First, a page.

On August 26, 1863, Abraham Lincoln wrote a letter to Illinois Republican James C. Conkling. It was to be read at a rally of Republicans in support of the war effort to be held on September 3.
Rather than recycle the story, I direct you to Louis P. Masur’s fine piece on this event. For my own comments, see this video, containing my remarks of February 12, 2013, at the annual banquet of the Abraham Lincoln Association.
To me, the most powerful part of this letter is found near the end.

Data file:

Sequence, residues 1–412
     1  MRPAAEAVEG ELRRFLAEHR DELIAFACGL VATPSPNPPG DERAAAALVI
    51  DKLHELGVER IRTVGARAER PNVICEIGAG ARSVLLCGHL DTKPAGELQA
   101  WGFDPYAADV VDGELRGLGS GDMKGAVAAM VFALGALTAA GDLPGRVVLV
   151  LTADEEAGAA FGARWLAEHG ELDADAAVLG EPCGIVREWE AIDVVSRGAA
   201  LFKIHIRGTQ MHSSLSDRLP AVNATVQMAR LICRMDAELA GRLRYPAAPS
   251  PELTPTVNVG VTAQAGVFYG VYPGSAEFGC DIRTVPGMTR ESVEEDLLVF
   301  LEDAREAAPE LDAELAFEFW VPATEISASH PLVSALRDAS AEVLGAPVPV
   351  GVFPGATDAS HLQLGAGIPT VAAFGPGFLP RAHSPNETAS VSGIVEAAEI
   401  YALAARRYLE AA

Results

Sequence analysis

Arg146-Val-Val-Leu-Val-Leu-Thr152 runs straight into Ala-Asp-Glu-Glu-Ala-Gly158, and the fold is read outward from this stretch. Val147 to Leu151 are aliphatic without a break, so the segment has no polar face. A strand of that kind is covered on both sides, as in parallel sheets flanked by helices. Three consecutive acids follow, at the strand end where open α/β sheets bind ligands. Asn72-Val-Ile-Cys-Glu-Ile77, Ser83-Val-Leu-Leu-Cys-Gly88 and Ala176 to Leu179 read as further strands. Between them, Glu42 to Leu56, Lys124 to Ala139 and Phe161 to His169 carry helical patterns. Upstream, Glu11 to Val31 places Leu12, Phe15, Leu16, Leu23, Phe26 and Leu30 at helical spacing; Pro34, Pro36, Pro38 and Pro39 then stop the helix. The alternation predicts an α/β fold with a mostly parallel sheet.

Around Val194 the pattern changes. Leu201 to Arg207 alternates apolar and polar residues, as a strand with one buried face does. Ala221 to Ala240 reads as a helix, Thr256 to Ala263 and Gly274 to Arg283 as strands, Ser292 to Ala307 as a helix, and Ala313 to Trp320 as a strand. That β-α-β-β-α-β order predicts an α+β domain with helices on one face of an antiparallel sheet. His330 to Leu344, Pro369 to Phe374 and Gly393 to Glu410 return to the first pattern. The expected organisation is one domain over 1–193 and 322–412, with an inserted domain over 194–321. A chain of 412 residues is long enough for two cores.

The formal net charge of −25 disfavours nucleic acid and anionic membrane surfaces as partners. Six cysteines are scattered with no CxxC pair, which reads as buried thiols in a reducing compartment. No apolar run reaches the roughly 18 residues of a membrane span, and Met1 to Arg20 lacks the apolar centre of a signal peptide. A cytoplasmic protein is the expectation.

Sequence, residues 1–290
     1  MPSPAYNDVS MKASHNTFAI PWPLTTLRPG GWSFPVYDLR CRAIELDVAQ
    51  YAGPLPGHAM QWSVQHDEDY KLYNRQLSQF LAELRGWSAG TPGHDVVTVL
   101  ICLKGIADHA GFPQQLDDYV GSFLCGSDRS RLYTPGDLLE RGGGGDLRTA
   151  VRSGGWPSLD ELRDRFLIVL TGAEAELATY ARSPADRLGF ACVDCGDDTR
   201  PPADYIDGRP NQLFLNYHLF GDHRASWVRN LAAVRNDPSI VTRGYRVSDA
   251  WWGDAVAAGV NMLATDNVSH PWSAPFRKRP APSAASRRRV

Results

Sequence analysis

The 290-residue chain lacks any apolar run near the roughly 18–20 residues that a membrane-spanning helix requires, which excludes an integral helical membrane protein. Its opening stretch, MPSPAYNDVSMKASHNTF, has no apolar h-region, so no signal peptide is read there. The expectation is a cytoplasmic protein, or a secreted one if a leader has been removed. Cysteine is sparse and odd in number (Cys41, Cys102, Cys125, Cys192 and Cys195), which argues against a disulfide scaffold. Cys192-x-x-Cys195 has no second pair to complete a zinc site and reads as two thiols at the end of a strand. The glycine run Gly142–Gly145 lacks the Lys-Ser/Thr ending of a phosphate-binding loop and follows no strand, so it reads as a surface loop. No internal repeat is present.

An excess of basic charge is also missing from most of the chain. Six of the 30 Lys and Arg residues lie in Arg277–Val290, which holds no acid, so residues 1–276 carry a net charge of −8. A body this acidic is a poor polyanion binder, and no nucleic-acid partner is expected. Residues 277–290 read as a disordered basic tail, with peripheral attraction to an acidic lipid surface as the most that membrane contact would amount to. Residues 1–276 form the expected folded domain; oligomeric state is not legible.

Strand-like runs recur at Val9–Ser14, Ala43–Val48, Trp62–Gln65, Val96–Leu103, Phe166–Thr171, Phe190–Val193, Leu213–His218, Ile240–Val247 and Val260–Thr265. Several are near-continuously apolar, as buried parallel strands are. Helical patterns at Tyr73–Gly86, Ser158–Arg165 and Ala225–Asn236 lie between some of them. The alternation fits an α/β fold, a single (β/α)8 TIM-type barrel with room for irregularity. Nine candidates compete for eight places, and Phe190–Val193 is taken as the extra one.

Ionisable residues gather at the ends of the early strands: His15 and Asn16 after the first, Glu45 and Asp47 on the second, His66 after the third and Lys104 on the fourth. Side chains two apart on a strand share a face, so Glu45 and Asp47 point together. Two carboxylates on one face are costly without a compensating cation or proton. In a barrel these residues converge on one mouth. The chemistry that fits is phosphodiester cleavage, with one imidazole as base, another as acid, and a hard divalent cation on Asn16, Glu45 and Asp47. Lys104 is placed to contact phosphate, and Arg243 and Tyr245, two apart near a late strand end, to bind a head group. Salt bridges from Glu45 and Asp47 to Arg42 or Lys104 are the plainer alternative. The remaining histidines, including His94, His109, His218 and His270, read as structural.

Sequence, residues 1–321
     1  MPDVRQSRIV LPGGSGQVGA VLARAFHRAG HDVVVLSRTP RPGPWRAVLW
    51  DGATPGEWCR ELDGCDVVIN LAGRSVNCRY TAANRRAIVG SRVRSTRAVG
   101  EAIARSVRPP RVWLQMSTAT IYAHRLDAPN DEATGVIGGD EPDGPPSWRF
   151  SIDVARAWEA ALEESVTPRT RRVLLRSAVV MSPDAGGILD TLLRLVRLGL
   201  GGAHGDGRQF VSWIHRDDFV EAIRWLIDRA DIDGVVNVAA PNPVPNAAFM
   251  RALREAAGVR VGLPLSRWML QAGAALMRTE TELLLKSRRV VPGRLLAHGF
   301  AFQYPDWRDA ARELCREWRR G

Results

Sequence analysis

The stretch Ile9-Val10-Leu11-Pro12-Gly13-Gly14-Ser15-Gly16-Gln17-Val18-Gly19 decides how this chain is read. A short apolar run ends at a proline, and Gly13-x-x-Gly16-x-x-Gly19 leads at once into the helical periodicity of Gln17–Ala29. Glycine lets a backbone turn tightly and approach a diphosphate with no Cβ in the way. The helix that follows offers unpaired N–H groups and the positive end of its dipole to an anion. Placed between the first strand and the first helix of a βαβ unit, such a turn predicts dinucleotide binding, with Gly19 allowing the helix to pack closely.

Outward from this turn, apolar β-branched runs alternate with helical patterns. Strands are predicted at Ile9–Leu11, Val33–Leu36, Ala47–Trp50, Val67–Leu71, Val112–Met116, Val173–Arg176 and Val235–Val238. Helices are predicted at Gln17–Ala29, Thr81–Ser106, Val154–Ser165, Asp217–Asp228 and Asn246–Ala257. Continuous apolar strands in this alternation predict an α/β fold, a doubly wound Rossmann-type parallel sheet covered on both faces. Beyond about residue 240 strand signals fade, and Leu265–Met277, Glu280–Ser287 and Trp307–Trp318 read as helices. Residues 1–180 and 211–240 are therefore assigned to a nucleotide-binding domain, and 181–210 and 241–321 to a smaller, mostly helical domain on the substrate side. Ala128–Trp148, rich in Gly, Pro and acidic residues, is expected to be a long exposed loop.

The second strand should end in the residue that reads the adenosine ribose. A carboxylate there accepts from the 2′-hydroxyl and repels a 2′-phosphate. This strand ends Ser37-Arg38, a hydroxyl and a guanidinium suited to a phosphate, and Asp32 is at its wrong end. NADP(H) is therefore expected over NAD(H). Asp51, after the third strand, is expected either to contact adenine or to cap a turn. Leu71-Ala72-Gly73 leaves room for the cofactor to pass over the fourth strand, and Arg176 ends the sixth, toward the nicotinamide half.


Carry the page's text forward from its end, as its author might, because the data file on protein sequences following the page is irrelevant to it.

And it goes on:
Peace does not appear so distant as it did. I hope it will come soon, and come to stay; and so come as to be worth the keeping in all future time. It will then have been proved that, among free men, there can be no successful appeal from the ballot to the bullet; and that they who take such appeal are sure to lose their case, and pay the cost. And then, there will be some black men who can remember that, with silent tongue, and clenched teeth, and steady eye, and well-poised bayonnet, they have helped mankind on to this great consummation; while, I fear, there will be some white ones, unable to forget that, with malignant heart, and deceitful speech, they strove to hinder it.